If there’s one thing that I have in common with Jim Henson, it’s that I’m averse to conflict of any kind.  And speaking strictly for myself, the reason why I’m conflict-averse is that I’m terrified of losing my temper.  I’ve always seen myself as something akin to Jekyll and Hyde, or the Incredible Hulk; when I get angry, it’s as though I turn into a completely different person, and I’m terrified of what I might say and whom I might hurt while in that angered state.  And I do work on trying to integrate the light and dark sides, and to channel whatever anger I feel constructively–to turn a negative into a positive–but it’s a constant struggle.

That’s why I prefer to write a blog, so I have the chance to rethink and revise my words before they are published, and also, so that I don’t come across as spamming other blogs and forums through lengthy, in-depth analysis.  

It doesn’t come easily or naturally to me to jump into the fray and take the risk of being provoked into that angry state that I so fear, but if it helps to get–or to keep–the dialogue going, it’s well worth the risk.

Salient Themes: Jim Henson versus bullies

“Dear Mr. Dionne: 
              What the fuck are you talking about?
                                                       Yours truly,
                                                       Jim Henson”
–Response to the 1960s equivalent of an Internet troll (quoted in Jim Henson: The Biography)

Well, last night I received my first insulting comment on this blog–and, to be honest, I was a little disappointed; it was a pretty pathetic effort.  In the ’60s, when trolls actually had to put pen to paper and make an effort to insult someone, people like Jim Henson got classy insults referencing ancient Roman emperors.  Now that people’s attention spans are limited to 140 characters, all the creativity has gone out of gratuitous insults.  Sad!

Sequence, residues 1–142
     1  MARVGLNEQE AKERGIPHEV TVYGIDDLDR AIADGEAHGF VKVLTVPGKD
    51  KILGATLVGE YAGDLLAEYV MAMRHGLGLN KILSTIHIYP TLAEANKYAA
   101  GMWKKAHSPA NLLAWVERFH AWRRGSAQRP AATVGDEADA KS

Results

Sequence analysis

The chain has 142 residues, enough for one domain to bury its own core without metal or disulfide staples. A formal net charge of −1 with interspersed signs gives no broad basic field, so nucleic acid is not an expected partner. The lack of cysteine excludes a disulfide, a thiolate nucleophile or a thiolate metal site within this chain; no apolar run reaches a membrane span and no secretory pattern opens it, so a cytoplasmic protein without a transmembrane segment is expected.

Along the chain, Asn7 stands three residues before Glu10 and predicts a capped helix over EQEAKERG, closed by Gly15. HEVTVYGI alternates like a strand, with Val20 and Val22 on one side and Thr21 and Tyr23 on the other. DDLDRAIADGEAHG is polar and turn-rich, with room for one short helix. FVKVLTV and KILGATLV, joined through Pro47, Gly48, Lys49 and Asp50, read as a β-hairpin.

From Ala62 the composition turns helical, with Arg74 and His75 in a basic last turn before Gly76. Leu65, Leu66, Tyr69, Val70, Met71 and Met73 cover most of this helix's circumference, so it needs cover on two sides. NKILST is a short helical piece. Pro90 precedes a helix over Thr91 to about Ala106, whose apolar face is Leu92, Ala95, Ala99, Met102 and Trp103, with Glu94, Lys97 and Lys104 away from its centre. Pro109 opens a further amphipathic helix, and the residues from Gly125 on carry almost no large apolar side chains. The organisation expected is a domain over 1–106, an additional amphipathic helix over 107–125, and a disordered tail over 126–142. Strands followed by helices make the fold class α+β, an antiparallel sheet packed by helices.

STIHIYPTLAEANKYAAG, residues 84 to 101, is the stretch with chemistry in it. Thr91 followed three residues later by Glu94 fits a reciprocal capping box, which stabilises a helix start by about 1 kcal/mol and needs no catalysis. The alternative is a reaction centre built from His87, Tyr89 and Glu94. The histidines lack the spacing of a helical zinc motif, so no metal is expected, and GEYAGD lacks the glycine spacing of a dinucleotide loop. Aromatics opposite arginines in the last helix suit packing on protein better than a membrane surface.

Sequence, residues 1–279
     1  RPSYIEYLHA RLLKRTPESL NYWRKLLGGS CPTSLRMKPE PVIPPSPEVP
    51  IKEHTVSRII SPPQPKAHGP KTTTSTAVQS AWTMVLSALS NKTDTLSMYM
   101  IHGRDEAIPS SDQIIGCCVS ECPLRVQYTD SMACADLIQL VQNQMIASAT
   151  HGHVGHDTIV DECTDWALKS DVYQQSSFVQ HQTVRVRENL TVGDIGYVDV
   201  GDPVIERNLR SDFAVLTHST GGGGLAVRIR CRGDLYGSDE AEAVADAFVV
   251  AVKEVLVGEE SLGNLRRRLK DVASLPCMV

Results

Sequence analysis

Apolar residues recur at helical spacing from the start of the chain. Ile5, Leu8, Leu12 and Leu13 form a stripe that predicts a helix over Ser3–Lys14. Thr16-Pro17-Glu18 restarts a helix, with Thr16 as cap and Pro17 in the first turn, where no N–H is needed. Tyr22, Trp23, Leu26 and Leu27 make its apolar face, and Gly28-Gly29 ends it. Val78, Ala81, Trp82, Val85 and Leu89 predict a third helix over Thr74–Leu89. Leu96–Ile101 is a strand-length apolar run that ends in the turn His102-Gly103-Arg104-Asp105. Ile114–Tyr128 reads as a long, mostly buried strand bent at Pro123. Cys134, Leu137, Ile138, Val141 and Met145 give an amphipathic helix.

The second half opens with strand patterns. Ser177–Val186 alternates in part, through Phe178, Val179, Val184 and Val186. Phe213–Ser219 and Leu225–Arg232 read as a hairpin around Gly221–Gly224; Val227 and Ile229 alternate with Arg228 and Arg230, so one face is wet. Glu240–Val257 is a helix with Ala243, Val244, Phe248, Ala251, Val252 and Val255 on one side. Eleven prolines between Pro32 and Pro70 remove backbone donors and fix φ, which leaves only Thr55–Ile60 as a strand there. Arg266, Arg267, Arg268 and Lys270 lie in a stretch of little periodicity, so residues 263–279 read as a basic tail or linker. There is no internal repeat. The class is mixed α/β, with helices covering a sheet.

However, in a way I’m glad it happened, because now this seems like an opportune moment to examine how Jim Henson related to bullies, both in his life and in his work.  

Jim was famously averse to conflict.  In Jim Henson: The Biography, Brian Jay Jones tells a story about how Jim would create an excuse to fly to London rather than get involved in a dispute within his legal department in New York.  From that anecdote, I think a person could get the impression that Jim was prone to be passive in his dealings with others.  But I think that impression would be false, or at least incomplete.  

In fact, the more I think about it, the more I think that–interestingly enough–Jim was similar to Wembley Fraggle in his approach to interpersonal conflict.  On Fraggle Rock, when there’s a disagreement or dispute among his friends, Wembley becomes paralyzed with indecision, not wanting to upset or disappoint any of his friends by choosing one side over the other.  On the other hand, deep down inside, Wembley has the ability to stand up for himself–and it comes out when the situation is truly dire, as it did in the matter of the mean genie.  Moreover, Wembley will never stand silently by while someone else is being bullied.  Whether it’s the miniscule Cotterpin Doozer, the gigantic Junior Gorg,* or anyone in between, if Wembley sees somebody being victimized, he will immediately rush to his/her defense.  It’s interesting to examine a previously unconsidered link between Jim Henson and Wembley because Steve Whitmire–Wembley himself–recently told a story on his blog about how Jim once stood up to some Disney lawyers on his (Steve’s) behalf.

In spite of his aversion to conflict, Jim was also known for his determination.  He was capable of standing up for himself if he felt he was being mistreated.  The early days of the original Disney deal were something of a love fest, but eventually the honeymoon period was over, and Jim found himself “in combat with [Disney’s] business affairs people,” as he put it.  Frustrated, Jim wrote the following in a letter to Michael Eisner and Jeffrey Katzenberg: